Source: Business Standard, Nov 25, 2020
Bengaluru: In another blow to Chinese apps functioning in India, the government has banned 43 more apps in the country, including the popular online retail portal AliExpress, belonging to Jack Ma-owned e-commerce giant Alibaba Group.
The Ministry of Electronics and Information Technology (Meity) on Tuesday issued the order for blocking the access to these apps under Section 69A of the Information Technology Act.
“This action was taken based on the inputs regarding these apps for engaging in activities which are prejudicial to sovereignty and integrity of India, defence of India, security of state and public order,” it said in an official statement. The decision was taken based on the comprehensive reports received from Indian Cyber Crime Coordination Centre, Ministry of Home Affairs, Meity said.
Other popular apps on the list include Snack Video, a short video app which was gaining traction after the earlier ban on TikTok, and Alipay Cashier, which helped users collect payments from Alipay by scanning a QR Code. AliExpress and Snack Video have over a 100 million downloads each on Google Play Store. While shopping apps like Shien and Club Factory were blocked weeks ago, AliExpress had evaded the ban earlier. This time, over a dozen Chinese dating apps, including Chinese Social and We Date, have also been red-flagged by the country.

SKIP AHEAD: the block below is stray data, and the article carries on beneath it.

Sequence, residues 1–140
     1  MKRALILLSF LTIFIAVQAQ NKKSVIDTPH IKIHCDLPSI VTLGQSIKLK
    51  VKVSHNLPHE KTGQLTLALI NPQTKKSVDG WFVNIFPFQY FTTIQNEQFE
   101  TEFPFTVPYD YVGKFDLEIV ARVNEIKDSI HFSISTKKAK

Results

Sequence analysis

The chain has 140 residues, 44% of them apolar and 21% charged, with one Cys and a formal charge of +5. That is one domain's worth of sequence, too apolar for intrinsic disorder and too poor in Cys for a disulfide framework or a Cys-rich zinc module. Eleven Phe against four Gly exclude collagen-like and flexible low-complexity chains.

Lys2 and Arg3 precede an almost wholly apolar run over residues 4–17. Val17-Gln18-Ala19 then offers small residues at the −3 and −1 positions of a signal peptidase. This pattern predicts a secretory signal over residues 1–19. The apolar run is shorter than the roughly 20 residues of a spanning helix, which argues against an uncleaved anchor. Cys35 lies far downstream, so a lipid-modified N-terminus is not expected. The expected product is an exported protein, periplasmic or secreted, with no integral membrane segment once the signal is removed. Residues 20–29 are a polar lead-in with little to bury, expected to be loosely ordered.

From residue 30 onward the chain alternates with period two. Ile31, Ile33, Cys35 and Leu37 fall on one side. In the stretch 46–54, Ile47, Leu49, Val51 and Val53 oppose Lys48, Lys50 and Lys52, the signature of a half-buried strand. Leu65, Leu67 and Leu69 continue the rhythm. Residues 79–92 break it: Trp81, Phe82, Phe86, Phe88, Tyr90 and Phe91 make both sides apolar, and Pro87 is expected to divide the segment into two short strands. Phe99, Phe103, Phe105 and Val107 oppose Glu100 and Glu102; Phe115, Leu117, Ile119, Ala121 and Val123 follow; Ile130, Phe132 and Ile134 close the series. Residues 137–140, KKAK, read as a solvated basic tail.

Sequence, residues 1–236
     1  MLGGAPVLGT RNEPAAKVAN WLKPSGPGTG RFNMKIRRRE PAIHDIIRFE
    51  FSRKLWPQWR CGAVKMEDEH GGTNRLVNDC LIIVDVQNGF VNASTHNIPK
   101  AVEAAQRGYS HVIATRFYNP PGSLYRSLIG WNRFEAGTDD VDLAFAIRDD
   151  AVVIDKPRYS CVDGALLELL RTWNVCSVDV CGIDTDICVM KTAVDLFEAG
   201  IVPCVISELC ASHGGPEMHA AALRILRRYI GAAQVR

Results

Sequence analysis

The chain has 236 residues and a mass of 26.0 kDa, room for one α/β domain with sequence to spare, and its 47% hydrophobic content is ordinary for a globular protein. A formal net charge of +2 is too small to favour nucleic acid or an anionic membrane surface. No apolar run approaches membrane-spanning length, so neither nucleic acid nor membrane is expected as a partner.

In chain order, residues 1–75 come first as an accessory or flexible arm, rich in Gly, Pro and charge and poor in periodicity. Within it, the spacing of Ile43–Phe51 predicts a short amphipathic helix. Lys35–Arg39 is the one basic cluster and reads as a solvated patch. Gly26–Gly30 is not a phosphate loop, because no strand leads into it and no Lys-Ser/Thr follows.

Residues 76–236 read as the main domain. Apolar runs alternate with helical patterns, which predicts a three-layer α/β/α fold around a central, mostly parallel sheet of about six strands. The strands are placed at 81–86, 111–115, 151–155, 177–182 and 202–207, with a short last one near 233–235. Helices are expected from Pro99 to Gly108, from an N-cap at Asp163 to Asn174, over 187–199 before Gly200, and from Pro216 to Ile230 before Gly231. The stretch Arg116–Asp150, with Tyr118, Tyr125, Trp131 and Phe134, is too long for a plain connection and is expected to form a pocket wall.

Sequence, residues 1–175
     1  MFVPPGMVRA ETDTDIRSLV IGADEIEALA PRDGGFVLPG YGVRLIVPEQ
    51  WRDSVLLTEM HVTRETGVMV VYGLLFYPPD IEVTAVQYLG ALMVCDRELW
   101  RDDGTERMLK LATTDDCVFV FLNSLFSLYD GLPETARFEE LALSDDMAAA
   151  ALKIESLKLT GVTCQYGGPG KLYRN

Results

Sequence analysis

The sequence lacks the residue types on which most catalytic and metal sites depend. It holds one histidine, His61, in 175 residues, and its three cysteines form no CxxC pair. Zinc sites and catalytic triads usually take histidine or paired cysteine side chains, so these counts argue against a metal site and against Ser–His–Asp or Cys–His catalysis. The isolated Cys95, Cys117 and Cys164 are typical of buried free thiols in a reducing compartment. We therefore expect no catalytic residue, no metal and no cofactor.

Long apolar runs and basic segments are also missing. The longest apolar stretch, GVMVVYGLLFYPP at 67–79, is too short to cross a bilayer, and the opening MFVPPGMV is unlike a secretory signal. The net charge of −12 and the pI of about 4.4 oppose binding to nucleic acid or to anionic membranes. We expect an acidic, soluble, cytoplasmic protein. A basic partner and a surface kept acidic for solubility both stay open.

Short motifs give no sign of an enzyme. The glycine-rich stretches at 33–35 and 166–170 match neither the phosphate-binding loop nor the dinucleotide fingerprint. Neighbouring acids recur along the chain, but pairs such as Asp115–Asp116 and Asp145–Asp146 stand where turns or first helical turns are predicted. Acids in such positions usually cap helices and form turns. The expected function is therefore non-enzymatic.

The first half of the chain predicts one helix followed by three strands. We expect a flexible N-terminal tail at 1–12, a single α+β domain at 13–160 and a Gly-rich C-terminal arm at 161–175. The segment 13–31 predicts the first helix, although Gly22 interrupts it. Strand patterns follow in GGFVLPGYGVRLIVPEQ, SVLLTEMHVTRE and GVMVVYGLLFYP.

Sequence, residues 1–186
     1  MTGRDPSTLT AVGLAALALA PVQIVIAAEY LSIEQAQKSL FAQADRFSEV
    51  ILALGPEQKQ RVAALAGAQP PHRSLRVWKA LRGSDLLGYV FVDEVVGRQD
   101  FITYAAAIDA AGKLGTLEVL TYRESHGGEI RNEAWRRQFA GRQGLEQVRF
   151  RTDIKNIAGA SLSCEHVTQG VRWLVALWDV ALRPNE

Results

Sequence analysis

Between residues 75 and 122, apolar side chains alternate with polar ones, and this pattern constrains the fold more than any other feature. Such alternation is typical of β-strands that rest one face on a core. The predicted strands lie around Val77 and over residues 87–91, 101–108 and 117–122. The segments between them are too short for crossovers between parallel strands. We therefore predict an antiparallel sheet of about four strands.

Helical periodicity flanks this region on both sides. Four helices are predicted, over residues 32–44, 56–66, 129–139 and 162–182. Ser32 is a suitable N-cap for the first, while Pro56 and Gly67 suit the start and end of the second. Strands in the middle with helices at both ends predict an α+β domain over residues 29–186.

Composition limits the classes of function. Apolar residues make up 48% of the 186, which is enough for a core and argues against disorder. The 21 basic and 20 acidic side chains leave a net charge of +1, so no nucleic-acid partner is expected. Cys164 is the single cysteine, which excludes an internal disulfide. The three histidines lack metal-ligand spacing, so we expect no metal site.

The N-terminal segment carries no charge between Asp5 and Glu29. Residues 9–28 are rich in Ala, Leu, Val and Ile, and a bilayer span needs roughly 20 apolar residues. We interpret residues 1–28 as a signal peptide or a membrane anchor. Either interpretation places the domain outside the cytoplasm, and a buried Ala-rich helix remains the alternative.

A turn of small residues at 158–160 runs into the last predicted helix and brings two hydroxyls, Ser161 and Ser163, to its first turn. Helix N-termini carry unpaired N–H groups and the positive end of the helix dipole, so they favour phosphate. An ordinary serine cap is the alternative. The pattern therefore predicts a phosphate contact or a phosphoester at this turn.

“This was due for a while now and even more could be in the pipeline. E-commerce, payments and online dating are the primarily targeted infrastructures that have access to quite a lot of critical consumer information. What needs to be seen is whether Indian alternatives can replace these existing platforms with profits rather than just replace them with a burn,” said Ankit Chaudhari, CEO & founder, Aiisma, a data marketplace.
Some industry players claimed that some of these apps were banned earlier as well but they cloaked themselves under a new identity to enter the Indian market again. “The ban is a very smart move and sends out a clear message that Chinese apps can’t use such tactics to engage in activities that are prejudicial to India’s sovereignty,” said Sumit Ghosh, CEO and co-founder of Chingari, which claims to have the highest engagement time in the short-form video space in India.
Experts say the biggest security concern is that a lot of apps on smartphones collect massive amounts of data which has nothing to do with the services they provide. “As the threat to secure user data is increasing, users must make sure their mobile phones are protected, secured and encrypted,” said Aditya Narang, co-founder & managing director, SafeHouse Technologies, a cyber security tech enterprise. Overall, the government has banned 220 apps since June amid continuing tensions along the India-Chinese border. These include PUBG, WeChat and Alipay. After being banned for over two months in India, the creators of PUBG are preparing to launch PUBG Mobile India, a mobile version of the popular game, to cater to the India market. According to reports, PUBG Corp has registered an Indian subsidiary in Bengaluru indicating a relaunch in the country soon.